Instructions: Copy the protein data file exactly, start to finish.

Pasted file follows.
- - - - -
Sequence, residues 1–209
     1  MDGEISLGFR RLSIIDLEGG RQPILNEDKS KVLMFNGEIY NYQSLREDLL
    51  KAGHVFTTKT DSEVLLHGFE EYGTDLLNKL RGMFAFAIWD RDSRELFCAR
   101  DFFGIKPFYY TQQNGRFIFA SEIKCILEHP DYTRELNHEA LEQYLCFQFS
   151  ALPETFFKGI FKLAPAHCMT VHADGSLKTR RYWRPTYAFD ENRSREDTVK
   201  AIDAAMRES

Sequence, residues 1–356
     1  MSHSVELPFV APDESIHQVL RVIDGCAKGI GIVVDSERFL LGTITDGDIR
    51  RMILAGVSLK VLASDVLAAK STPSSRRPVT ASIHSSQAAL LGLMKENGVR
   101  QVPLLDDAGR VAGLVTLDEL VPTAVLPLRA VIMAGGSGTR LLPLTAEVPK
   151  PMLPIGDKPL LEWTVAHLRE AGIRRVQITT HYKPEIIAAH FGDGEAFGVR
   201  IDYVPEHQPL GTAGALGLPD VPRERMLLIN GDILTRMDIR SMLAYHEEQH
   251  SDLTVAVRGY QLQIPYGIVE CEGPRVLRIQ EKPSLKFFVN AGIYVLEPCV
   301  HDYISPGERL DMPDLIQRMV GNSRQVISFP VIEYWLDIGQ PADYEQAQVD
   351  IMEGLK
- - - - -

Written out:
Sequence, residues 1–209
     1  MDGEISLGFR RLSIIDLEGG RQPILNEDKS KVLMFNGEIY NYQSLREDLL
    51  KAGHVFTTKT DSEVLLHGFE EYGTDLLNKL RGMFAFAIWD RDSRELFCAR
   101  DFFGIKPFYY TQQNGRFIFA SEIKCILEHP DYTRELNHEA LEQYLCFQFS
   151  ALPETFFKGI FKLAPAHCMT VHADGSLKTR RYWRPTYAFD ENRSREDTVK
   201  AIDAAMRES

Sequence, residues 1–356
     1  MSHSVELPFV APDESIHQVL RVIDGCAKGI GIVVDSERFL LGTITDGDIR
    51  RMILAGVSLK VLASDVLAAK STPSSRRPVT ASIHSSQAAL LGLMKENGVR
   101  QVPLLDDAGR VAGLVTLDEL VPTAVLPLRA VIMAGGSGTR LLPLTAEVPK
   151  PMLPIGDKPL LEWTVAHLRE AGIRRVQITT HYKPEIIAAH FGDGEAFGVR
   201  IDYVPEHQPL GTAGALGLPD VPRERMLLIN GDILTRMDIR SMLAYHEEQH
   251  SDLTVAVRGY QLQIPYGIVE CEGPRVLRIQ EKPSLKFFVN AGIYVLEPCV
   301  HDYISPGERL DMPDLIQRMV GNSRQVISFP VIEYWLDIGQ PADYEQAQVD
   351  IMEGLK